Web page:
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Cabbages & Kings

By Laurence D. Savadove

There is no Christmas on Washington Street this year. The sparkle is there but not the spirit. Today's Toyland is a travesty.

The street wears its usual mask of myrrh and mink; crowds still complain about the crowds; but padlocked boxes have replaced Salvation Army tambourines. Inside the big stores, cheese cloth cherubs still butter among the silvered spine boughs, but it now costs a quarter to see Santa Claus.

In R. H. White's where the Yule's hoary harbinger is secreted between the ice-box and negligee department, the small, ominously green sign reads. "You are required to buy pays your money, yen gets no choice a eat in the lap, a flashlight bulb, and "How many prints d'ya want lady?" "I wanna sled," says the kid. "Next," bawls Santa.

In Jordan Marsh, a higher class store, it cost in cents to see the man of the month. Half an acre of tracks, in a frame of fascinated faces, sprawled over the floor. But there was nothing new. After last year's smoking, screaming models that discharged passengers and cattle with the same intriguing efficiency, what else is there left to invent?

Filene's is tired of just plain old Christmas--it was dead; needed jazzing up. So Filene's is having a circus. Clowns handle Santa's overflow. Santa wears a green hat, and a young thing in a peppermint skirt, who could win Mrs. Santa an infidelity suit in any state, toys with it and purrs, "Christmas is sweet, isn't it?"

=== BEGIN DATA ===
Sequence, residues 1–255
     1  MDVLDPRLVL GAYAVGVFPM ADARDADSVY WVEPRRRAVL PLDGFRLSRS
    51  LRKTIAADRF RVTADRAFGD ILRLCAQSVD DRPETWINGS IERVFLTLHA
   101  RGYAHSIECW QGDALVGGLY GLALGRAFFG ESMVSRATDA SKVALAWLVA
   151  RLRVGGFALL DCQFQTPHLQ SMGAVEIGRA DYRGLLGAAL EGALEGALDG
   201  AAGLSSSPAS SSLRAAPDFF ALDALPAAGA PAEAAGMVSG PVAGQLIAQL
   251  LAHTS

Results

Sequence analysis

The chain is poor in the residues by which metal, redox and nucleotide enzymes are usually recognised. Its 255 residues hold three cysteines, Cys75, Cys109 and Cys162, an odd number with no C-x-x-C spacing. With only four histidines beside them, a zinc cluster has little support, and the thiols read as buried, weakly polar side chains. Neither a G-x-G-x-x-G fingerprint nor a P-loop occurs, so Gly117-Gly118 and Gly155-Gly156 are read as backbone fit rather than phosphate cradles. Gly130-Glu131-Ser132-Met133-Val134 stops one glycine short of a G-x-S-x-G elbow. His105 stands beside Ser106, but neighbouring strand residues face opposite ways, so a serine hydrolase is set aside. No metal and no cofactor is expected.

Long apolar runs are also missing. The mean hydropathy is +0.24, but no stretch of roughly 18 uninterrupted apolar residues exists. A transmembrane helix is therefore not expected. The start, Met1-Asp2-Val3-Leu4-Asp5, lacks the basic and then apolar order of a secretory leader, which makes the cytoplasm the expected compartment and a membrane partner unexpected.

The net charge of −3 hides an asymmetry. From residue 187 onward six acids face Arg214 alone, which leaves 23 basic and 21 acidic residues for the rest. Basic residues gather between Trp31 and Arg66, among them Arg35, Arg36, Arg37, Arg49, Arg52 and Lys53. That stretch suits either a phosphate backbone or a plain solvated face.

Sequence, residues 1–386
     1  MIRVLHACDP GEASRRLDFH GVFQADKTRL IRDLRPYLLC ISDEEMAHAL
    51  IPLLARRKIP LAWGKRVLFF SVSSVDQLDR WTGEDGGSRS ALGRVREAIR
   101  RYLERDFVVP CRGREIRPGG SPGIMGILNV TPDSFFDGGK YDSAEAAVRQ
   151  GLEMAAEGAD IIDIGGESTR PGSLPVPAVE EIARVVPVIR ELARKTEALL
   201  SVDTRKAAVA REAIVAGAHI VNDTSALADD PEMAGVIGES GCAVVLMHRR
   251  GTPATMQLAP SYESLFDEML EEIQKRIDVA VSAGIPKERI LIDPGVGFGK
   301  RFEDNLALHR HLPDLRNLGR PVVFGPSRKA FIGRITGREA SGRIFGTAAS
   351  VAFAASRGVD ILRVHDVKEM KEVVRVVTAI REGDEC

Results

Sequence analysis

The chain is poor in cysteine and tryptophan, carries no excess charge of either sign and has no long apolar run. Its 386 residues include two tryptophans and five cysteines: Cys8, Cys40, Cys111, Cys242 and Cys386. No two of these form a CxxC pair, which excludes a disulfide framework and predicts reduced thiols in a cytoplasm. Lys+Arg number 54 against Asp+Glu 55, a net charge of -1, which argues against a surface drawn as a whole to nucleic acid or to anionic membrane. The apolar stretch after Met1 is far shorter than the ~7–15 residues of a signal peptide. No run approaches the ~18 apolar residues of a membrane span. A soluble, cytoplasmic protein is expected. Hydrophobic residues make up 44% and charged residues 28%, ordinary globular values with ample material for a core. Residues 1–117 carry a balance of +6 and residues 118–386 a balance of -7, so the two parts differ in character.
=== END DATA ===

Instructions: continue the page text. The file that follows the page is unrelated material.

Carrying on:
Outside on the street, it was a warm afternoon. In Jordan Marsh's windows were scenes of local churches, seen through a revolving glass, ersatz snow falling, like through a Bendix window. A Salvation Army band moved up and played carols. The trumpeter looked like Boston's own Major Barbara and the crowd listened. Two young Oliver Twists blew horns and the leader pumped a trombone, trying vainly to look as little like a bank clerk as possible. By the curb, a small aging woman held out her tambourine. An S.A. cap sat on her stringy grey curls; her eyes all pity, piety and purity. Thin shoulders were covered by a ragged shawl and she wore galoshes. Not a pair of eyes passed she didn't peer into, not a pair didn't falter; not a hand didn't change into her tambourine. Christmas spirit went with every "Bless you."

The bank clerk decided to move up the street. He motioned to the little old lady who scurried over. With a quick, deft hand she dumped the change into an enormous, hitherto concealed sack.

"Jeezus," she breathed. "I wish I had a butt."

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